Her home was warm and welcoming. I always knew her kind smile and comforting words were close within reach. I was lucky to live just down the street from my grandmother for nine years, during which we became close friends. She shared her experiences of living through the past decade, of the changes that she witnessed, and the memories of a slower, less complicated time. We’d look through letters my grandfather sent to her from his travels in the Navy, faded newspaper clippings of his ship’s progress in Alaska, and listen to old recordings of her brother’s swing band. I will always cherish that time and the spirit of our bond remains with me though life has forced us to separate.
One morning last month, my mom called to tell me that my grandmother hadn’t awoken and was being rushed to the hospital in Portland, where she lived with my Aunt and Uncle. I could tell by her anxious voice that the outlook was not good. I immediately thought of the last time I saw my grandmother, six months prior. I was thankful that I had taken the time to savor the time and have one last heart-to-heart with her. However, I couldn’t ignore the feeling of regret and sadness that permeated the air that morning. As I walked with a heavy heart over the wooden bridge that crossed the Napa creek on the way to work, I noticed a beautiful white egret, perfectly illuminated in the still waters. It stopped me in my tracks and immediately I felt a strong connection to my grandmother. Throughout the day, the egret remained perched elegantly on its stone. At about four in the afternoon, my mom called to tell me that my grandmother would not recover from the massive stroke she had suffered sometime during the previous night. It was a matter of hours or days. Hope seeped from my soul as the reality of the situation settled in. As I walked back to my car, the egret was gone. I would not see it again until one week later, when my grandmother’s heart finally stopped beating.
The call came just after noon on that rainy day. A good friend had delivered a bouquet of white flowers to my office earlier in the week. I took a single gentle daisy from its arrangement and walked through the drizzle to the bridge, where I dropped the flower over the side and watched it flow down the current, past the egret and into the distance.
Later that day, I was reminded of a writer whom my grandmother used to admire. I had asked her years ago about authors she liked and she mentioned a woman from Nebraska named Bess Streeter Aldrich. I decided to look her up online and found, much to my surprise, that the first title to emerge by her was A White Bird Flying. The coincidence left me awestruck. I purchased the book and awaited its arrival.
Joe & Virginia Nalty, 1941
In the mean time, arrangements were made for my grandmother’s funeral. Family and friends gathered to remember this amazing woman, who had had such a positive effect on everyone she encountered. Her charm and generosity is well reflected in the children, grandchildren and great grandchildren that continue to embody her legacy. Following the funeral, as I walked out of the church, my Uncle Vic took my arm and pointed to the sky, where two lovely white birds were flying overhead.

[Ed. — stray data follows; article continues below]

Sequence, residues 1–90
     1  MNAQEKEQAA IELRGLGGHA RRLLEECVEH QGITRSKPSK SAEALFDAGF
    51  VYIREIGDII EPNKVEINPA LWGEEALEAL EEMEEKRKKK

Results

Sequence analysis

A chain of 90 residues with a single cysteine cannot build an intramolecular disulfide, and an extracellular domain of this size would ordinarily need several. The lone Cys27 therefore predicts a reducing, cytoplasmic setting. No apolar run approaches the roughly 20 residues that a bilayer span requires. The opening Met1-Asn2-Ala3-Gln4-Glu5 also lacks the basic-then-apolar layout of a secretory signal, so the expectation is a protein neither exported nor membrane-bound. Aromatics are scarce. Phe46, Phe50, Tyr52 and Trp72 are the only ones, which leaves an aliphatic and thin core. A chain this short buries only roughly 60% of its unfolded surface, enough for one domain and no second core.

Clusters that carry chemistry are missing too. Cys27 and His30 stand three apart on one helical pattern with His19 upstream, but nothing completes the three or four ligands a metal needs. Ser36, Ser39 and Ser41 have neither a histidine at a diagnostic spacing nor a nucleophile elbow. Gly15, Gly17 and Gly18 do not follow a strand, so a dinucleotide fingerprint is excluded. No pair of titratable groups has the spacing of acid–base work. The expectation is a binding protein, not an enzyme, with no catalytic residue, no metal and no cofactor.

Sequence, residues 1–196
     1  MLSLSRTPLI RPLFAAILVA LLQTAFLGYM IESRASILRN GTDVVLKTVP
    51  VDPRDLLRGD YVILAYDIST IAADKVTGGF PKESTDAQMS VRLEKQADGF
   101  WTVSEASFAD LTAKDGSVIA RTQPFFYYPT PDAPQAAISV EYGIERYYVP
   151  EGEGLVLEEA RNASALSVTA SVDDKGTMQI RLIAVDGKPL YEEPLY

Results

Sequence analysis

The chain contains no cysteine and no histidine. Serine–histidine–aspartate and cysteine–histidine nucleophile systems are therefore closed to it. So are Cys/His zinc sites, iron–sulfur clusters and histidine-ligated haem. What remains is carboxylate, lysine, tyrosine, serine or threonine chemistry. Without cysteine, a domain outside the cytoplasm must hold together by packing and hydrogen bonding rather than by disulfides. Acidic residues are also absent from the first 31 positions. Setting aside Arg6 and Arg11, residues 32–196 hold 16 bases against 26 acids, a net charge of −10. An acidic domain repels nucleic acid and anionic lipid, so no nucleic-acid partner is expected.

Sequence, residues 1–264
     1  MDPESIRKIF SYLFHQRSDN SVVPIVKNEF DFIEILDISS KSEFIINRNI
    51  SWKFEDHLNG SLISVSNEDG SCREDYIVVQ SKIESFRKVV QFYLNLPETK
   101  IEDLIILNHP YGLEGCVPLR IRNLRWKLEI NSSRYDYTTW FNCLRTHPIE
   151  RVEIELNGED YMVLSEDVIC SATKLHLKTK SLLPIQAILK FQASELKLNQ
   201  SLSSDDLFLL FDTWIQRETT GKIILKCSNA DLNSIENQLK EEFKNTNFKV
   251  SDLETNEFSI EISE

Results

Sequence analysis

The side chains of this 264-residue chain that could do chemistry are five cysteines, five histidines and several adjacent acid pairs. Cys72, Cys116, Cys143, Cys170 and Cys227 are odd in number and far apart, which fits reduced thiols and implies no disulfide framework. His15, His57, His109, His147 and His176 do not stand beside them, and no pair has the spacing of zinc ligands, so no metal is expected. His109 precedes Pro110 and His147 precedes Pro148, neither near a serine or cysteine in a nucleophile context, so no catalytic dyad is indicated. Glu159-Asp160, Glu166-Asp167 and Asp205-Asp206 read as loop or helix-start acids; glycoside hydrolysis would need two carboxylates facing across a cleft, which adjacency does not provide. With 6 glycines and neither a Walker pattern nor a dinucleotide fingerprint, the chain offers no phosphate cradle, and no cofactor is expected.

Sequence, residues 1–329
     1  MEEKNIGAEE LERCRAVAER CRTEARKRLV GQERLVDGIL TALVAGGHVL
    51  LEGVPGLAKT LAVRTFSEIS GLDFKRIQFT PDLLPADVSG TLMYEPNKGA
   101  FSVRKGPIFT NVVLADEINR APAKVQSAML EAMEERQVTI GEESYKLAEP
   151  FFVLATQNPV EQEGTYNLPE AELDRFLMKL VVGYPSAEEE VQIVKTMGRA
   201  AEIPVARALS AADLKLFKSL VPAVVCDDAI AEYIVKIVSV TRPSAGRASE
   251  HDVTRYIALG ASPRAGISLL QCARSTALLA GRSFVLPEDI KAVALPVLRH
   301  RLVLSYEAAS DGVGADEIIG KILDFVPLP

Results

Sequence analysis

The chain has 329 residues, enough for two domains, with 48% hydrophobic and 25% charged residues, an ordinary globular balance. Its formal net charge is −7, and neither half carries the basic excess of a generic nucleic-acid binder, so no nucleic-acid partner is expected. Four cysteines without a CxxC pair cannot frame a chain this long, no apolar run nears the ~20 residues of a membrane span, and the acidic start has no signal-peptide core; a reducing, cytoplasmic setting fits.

The book arrived upon my return home. I immediately began to read it and could hardly believe the words in front of me. A White Bird Flying is written from the perspective of a young woman coming to terms with the death of her beloved grandmother. The first chapter takes place just days after the funeral, as the girl walks through her grandmother’s home and faces the memories they shared together. I could have written the words myself and was deeply moved by the sentiment. The white bird symbolizes the hopes and dreams the two had forged for her life, and the remainder of the book takes us on that journey. The symbol of the bird stays with her throughout her life and guides her to follow her hopes and dreams.
Quite suddenly, in fancy she caught in the far distance a glimpse of silver wings. It gave her a warm thrill of gratification too deep for words. Immediately she knew through some inner consciousness, that no matter where life’s paths would lead her, – through sharp and stony ways or beside still waters, – buried deep within her was an indestructible capacity to visualize a white bird flying. She might never get close to the way of its winging, but always there would be joy in lifting her eyes to the glory of its distant flight.
Virginia Nalty, Nebraska, 1930s
I can imagine my grandmother reading this book as a young girl. It was published in 1931, and my grandmother left Nebraska with her family in the late 1930s when she was a teenager and moved to Oakland, California. After reading the book, I can see how she connected with the characters and the landscape. My grandmother never forgot where she came from and spoke often of her memories of growing up in Nebraska. The vast plains stayed with her, as did this author who captured it in words. The writer could never have known the effect her book would have 81 years after its publication, or how remarkably meaningful it would be for me to come upon it.
Final visit, August 2011
The main character in the book has grand dreams of a fulfilling life. She is inspired by her grandmother, who, like my own, had lived a long, rich life and worked hard to fulfill her dreams. She experienced the great romance, the loving family, life-long friendships and a life lived without regret. These accomplishments are my inspiration.
Call it coincidence or serendipity, fate or divine intervention… however it happened, my grandmother spoke to me through a white bird and provided an invaluable final thread to tie together all the lessons she taught me during her life. I can think of no more fitting goodbye.
Here’s to you, Gram… you will never be forgotten. 1920-2012.